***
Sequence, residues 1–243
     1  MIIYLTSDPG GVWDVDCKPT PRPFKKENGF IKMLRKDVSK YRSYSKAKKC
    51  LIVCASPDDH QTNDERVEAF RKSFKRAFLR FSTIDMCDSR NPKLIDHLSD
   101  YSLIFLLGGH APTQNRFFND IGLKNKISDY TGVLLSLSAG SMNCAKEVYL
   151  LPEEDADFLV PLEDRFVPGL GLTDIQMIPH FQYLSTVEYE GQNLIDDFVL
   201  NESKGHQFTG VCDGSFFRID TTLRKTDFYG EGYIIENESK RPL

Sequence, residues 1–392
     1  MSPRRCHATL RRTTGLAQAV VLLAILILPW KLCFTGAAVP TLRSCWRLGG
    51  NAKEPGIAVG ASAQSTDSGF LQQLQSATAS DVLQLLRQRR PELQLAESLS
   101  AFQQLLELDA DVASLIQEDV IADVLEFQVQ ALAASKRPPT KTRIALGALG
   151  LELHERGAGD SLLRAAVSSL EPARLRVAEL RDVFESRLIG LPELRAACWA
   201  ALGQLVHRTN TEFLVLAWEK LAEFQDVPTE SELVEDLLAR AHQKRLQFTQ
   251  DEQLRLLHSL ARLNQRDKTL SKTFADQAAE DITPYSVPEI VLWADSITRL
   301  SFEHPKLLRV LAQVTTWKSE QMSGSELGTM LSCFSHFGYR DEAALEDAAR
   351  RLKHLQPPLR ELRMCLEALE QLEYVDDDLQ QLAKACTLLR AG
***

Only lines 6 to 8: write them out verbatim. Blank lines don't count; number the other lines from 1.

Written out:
   201  NESKGHQFTG VCDGSFFRID TTLRKTDFYG EGYIIENESK RPL

Sequence, residues 1–392
     1  MSPRRCHATL RRTTGLAQAV VLLAILILPW KLCFTGAAVP TLRSCWRLGG